SMS Pro Aviation Safety Software Blog 4 Airlines & Airports

4 Pillars | What Safety Assurance Really Means in Aviation SMS Programs

Posted by Tyler Britton on Feb 13, 2017 5:59:00 AM

Definition of Aviation SMS Safety Assurance

What is safety assurance in aviation SMSSafety assurance is the 3rd component in the aviation SMS 4 pillars. Long story short, safety assurance is defined by monitoring the safety management system. Such monitoring comes in many important forms, some of which are rather obvious and some of which are often overlooked.

For example, one purpose of safety assurance activities is to ensure safety performance of established risk controls. Risk controls are created in the safety risk management component. Over time, risk controls make become obsolete or inadequate through a process called “drift,” which can be deadly. Safety assurance should also monitor the need for new risk controls.

Another obvious type of safety assurance monitoring is to monitor:

  • Safety data;
  • Compliance;
  • Policies;
  • Procedures;
  • Risk management practices;
  • Signs of safety culture;
  • Safety performance of individual employees; and
  • That Goals are being met.

Safety assurance works closely with risk management – you might even consider them two ends of the same string. Safety assurance will strongly inform the type of activities that take place in the safety policy and safety promotion components.  

The Most Neglected of Aviation SMS 4 Pillars?

Unfortunately, the term “box checking SMS” probably comes from the safety assurance component. Box checking refers to aviation safety programs that mostly exist on paper – i.e., safety management checks boxes (such as on paper forms) so that it looks like there is an SMS program, but in the real environment none exists.

While aviation SMS programs that are a complete farce may be relatively rare, box checking is a very real problem in many safety programs.  Even in programs that feature reasonable risk management, safety policy, and safety promotion components, the safety assurance component may be very undervalued.

This is because fulfilling the safety performance monitoring and review:

  • Is time consuming;
  • Requires in-depth analysis;
  • Can be challenging and abstruse (i.e., where to start?); and
  • Requires taking an honest look at the results of past efforts – results which may be poor.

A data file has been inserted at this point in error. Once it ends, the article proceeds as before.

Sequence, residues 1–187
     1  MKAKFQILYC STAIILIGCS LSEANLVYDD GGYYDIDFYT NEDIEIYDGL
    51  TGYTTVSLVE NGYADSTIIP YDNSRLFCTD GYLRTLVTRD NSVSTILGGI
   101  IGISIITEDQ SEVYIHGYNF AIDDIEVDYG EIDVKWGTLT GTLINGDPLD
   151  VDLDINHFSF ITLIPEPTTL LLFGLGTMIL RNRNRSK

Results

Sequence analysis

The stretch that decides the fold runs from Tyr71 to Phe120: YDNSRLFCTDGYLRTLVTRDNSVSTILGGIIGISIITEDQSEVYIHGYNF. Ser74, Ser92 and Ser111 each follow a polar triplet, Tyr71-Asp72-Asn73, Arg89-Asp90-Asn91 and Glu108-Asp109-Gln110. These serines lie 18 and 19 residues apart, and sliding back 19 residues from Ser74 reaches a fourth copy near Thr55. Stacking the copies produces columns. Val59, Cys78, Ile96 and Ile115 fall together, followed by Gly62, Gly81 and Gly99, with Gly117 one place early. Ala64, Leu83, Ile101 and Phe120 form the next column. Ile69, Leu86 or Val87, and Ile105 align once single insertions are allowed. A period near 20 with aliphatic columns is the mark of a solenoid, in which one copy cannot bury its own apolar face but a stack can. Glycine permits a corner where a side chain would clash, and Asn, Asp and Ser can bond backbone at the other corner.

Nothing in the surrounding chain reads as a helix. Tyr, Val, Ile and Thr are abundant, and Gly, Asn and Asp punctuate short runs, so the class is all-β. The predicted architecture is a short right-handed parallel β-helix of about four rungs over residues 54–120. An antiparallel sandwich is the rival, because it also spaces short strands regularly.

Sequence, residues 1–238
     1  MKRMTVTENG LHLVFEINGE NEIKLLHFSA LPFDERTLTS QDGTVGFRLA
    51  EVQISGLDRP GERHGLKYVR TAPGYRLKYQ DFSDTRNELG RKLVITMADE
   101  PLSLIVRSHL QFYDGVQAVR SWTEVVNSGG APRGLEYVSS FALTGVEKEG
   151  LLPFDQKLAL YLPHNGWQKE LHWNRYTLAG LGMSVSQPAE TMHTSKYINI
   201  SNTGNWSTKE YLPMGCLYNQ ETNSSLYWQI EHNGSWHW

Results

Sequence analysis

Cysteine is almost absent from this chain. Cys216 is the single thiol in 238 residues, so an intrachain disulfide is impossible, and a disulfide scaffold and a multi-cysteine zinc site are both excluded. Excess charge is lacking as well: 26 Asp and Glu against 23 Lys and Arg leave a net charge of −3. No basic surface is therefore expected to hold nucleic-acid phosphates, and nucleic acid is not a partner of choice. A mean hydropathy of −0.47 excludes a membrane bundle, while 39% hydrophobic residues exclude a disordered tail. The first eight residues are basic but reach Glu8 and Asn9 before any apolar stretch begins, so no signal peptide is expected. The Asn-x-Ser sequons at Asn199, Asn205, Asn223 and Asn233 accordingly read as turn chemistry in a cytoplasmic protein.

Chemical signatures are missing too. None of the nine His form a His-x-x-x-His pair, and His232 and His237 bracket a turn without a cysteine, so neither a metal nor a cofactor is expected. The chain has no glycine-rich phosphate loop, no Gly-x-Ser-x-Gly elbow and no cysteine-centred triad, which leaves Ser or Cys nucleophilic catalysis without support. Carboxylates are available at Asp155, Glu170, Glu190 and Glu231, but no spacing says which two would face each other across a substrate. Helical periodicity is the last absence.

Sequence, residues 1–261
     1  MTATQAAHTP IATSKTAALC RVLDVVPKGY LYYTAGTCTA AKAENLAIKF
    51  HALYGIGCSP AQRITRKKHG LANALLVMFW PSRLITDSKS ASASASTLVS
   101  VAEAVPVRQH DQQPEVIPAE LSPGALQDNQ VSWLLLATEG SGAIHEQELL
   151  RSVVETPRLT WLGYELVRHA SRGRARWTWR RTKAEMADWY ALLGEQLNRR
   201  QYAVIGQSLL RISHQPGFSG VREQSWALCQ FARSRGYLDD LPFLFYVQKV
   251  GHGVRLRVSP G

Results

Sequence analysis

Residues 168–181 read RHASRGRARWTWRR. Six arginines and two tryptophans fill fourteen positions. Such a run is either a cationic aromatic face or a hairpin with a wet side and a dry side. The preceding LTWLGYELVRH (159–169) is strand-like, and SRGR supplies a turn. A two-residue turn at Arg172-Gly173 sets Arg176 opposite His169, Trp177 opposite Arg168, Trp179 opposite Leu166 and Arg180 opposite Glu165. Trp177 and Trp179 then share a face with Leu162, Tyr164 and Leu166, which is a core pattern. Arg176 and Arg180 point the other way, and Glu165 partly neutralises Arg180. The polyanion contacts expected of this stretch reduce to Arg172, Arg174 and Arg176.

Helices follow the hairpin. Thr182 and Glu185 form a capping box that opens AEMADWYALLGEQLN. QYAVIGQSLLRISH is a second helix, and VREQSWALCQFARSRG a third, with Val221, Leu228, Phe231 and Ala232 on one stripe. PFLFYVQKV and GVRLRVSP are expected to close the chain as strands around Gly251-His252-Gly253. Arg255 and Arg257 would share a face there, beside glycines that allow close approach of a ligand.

The result is that safety management will check off that they “reviewed” a policy, risk control, etc., when in actuality all they did was do a cursory review. The obvious symptom that such a practice is happening is audit findings on parts of the SMS that were documented as being “reviewed.”

 Safety Assurance Activities

The following aviation safety activities should be regularly and thoroughly performed in aviation SMS programs in order to fulfill the safety assurance component:

  • Safety audits and inspections;
  • Gap analysis;
  • Creation of meaningful safety data (such as Key Performance Indicators);
  • Employee safety performance monitoring;
  • Aviation safety training;
  • Documentation review (of policies and procedures);
  • Goals and objectives monitoring;
  • Implementation plan reviews;
  • Vendor review;
  • Vehicle, aircraft, and other equipment reviews;
  • Review of hazard analysis methods; and
  • Other miscellaneous monitoring activities.

All safety assurance activities should fulfill the goal of understanding:

  • Where the program has been;
  • Where the program is; and
  • What is keeping the program from being in the desired state.

 Moving Safety Assurance Beyond Safety

Quality management is also the bridge between the SMS and quality management system activities. I have advocated for a quality-safety management system (QSMS) in the past and will do so again here.

Quality management activities can infringe upon safety management’s ability to fulfill the safety assurance requirements, such as when upper management places emphasis on [quality] performance rather than preparedness.

On the other hand, uniting quality and safety assurance activities into one system makes a lot of business and safety sense for several reasons:

  • Less aviation policies and procedures to manage (and more resources to be used elsewhere);
  • Better safety culture results in increased quality efficiency and safety performance;
  • Better safety oversight capabilities;
  • Better return on investment for company; and
  • Better ability to monitor business performance.

Way to integrate SMS and QMS include:

  • Ensure upper management support;
  • Redesign policies and procedures to incorporate SMS and QMS
  • Create goals that are both QMS and SMS;
  • Combine quality and safety resources; and
  • Implement safety monitoring that is equally quality performance and safety performance.

Final Thought: Ramification of Safety Assurance

Safety assurance findings will strongly influence safety policy and safety promotion. This is based on the larger cycle of SMS:

  • Facilitate safety in the environment by reporting and managing safety issues (safety risk management);
  • Monitor risk management activities; (safety assurance);
  • Create/update policies and procedures (safety policy) based on risk management performance;
  • Promote policy and other needed safety elements in order to improve risk management performance.

 One fantastic safety assurance tool grants the ability to monitor the performance of individual employees. Learn how to do this with our free guide:

Safety performance monitoring workflow for aviation SMS programs

Topics: 3-Safety Assurance, Quality-Safety Management

 

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